A Page from North Quabbin History: Remembering New Salem Academy

  • New Salem Academy football team, 1925. File photo

  • Blackboards inside the old New Salem Academy. File photo

  • New Salem Academy buildings in New Salem. Staff file photo/Paul Franz

  • New Salem Academy buildings in New Salem, MA. Paul Franz

  • New Salem Academy Museum building in New Salem, MA. Paul Franz

  • New Salem Academy building in New Salem, MA. Paul Franz

Published: 8/15/2022 5:34:57 PM
Modified: 8/15/2022 5:31:29 PM

In 1795, Samuel Adams, then governor of Massachusetts, signed the charter that created New Salem Academy, according to Daniel Hammock, New Salem Academy Class of 1968 and New Salem Academy Trustee. “We were the ninth academy in the United States,” he said.

The reason for forming the academy, according to Eleanor McGinnis, whose late husband, Paul McGinnis, was in the Class of 1949, was a lack of district teachers. “There was a lack of district school teachers in the towns around New Salem. New Salem itself had six district schools It was difficult to find that many school teachers and other towns were the same,” she said.

By 1810, the school was facing a financial struggle and applied to the state for a grant. Rather than receive financial assistance, the state gave the school a piece of property in Maine that they could sell. Several intrepid travelers from New Salem went to Boston and sailed up the coast to Maine to inspect the property, with several of them founding what is now Houlton, Maine, according to Hammock.

The school over the years thrived, offering a college preparatory track, and in 1915, according to Hammock, adding agricultural, home economics and eventually automotive tracks and continued to thrive.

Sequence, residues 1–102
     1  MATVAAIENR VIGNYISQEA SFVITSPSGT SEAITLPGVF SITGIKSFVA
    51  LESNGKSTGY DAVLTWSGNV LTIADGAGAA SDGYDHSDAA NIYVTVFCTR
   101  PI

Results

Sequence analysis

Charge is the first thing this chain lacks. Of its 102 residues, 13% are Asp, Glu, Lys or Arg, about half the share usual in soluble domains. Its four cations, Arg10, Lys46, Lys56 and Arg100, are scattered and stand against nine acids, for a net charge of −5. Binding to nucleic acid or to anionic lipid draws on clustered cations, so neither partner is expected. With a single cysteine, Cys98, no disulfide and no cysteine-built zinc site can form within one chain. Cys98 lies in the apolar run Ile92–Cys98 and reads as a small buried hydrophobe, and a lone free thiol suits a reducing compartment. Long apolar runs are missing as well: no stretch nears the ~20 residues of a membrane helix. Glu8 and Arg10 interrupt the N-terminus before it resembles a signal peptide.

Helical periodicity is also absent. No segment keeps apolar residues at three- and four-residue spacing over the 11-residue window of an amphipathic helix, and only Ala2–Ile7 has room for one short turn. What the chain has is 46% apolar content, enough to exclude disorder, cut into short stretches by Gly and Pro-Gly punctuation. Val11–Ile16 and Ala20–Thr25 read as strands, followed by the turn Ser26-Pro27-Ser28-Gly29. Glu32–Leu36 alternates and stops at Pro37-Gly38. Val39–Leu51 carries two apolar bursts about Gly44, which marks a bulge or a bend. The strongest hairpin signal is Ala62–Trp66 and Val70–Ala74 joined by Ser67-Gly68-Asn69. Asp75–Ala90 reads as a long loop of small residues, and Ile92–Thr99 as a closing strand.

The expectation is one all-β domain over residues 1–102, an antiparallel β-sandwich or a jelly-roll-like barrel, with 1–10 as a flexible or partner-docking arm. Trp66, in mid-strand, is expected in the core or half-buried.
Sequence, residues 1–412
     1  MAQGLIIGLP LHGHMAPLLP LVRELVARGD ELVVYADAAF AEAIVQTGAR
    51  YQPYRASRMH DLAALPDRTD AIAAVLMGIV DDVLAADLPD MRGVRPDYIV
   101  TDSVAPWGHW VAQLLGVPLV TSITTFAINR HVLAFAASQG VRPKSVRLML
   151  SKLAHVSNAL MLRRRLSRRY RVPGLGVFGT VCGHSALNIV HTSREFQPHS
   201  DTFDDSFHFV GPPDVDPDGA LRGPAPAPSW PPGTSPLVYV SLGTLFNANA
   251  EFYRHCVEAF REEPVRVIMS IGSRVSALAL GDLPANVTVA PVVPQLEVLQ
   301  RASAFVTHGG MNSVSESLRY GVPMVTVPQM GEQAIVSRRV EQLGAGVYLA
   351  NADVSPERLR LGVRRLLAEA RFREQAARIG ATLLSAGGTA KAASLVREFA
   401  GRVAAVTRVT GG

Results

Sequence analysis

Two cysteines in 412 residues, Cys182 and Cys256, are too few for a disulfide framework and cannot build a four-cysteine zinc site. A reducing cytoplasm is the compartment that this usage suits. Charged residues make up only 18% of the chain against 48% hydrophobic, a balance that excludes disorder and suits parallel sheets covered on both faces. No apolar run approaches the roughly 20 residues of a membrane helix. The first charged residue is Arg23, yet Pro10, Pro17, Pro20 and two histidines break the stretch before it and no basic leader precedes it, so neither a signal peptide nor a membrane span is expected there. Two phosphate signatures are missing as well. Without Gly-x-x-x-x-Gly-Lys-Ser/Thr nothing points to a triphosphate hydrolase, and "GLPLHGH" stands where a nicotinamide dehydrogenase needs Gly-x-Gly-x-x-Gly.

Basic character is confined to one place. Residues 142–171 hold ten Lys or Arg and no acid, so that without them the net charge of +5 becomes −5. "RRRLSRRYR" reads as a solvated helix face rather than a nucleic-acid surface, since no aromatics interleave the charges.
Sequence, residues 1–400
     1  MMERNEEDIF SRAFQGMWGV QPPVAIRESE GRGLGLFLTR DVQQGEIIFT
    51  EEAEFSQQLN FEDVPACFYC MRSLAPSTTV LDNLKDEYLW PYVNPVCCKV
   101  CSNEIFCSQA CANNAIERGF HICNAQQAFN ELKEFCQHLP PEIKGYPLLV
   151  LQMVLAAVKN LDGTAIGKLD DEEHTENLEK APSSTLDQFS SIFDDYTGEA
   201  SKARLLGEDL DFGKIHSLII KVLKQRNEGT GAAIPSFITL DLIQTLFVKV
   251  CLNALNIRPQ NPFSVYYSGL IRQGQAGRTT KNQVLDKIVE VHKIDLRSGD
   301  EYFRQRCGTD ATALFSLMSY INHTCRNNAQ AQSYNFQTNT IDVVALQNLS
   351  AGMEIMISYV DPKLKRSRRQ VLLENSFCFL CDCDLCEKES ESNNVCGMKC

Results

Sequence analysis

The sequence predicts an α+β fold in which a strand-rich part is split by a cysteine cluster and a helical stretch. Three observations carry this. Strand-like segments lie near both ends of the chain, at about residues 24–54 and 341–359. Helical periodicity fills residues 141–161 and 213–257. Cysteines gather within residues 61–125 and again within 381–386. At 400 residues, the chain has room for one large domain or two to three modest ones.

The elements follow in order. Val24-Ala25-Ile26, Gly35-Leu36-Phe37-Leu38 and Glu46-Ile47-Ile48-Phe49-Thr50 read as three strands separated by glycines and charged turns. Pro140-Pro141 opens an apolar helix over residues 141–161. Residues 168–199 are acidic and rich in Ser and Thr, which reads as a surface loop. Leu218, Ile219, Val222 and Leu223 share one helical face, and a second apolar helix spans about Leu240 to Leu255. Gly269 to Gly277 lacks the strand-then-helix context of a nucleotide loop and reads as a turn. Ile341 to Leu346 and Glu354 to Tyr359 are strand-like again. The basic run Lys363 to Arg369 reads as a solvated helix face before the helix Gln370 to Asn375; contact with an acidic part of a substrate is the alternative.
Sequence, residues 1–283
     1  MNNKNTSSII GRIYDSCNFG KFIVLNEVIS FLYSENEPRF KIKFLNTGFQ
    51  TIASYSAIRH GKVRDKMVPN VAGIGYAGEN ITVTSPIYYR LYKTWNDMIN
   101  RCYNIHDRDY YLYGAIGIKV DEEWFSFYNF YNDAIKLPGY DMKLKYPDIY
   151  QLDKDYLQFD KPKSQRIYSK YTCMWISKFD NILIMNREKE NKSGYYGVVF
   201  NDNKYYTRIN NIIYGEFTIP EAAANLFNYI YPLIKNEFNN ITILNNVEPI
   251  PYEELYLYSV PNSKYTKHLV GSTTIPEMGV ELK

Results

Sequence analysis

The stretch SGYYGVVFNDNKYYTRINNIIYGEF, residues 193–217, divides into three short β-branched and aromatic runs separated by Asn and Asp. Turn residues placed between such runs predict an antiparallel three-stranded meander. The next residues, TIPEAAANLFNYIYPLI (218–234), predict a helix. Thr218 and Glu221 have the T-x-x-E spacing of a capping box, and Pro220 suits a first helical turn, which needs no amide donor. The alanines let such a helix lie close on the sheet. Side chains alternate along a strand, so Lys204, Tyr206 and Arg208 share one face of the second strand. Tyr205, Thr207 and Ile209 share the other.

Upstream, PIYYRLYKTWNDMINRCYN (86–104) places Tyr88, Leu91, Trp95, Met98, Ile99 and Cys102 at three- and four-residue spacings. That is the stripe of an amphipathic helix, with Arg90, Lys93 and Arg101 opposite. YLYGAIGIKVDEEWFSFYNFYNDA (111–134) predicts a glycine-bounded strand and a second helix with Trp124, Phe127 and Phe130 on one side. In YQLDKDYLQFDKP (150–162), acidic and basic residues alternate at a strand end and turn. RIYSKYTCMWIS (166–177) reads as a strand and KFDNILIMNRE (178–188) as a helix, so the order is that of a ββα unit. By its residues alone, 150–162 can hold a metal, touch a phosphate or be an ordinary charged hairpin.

Students from more than 10 schools attended the academy, according to Chet Lubelczyk, New Salem Academy trustee. Among the towns whose students attended the school were not only New Salem residents but also students from Hardwick, Belchertown, Warwick and the lost Quabbin towns. There were two dormitories in the center of New Salem for those students living further away, according to McGinnis.

Lubelczyk, a 1962 graduate of the academy, remembers New Salem Academy’s agriculture teacher coming to his school in Hardwick when he was in eighth grade. “The principal invited anyone interested in attending the school to come to his office. Six students came in and five (of us) ended up attending the academy, ” he said.

Lubelczyk said he was an athlete, playing on both the baseball and basketball teams at the academy.

“I had no intention of going to college until an Agriculture teacher and an English teacher persuaded me to go. I went to Stockbridge for two years. Then two professors talked me into going to university. I joined the ROTC and I got a degree in animal science. I did not know at the time it was one of the hardest degrees to get. I graduated and spent 21 years in the Air Force and then became a logger,” said Lubelczyk.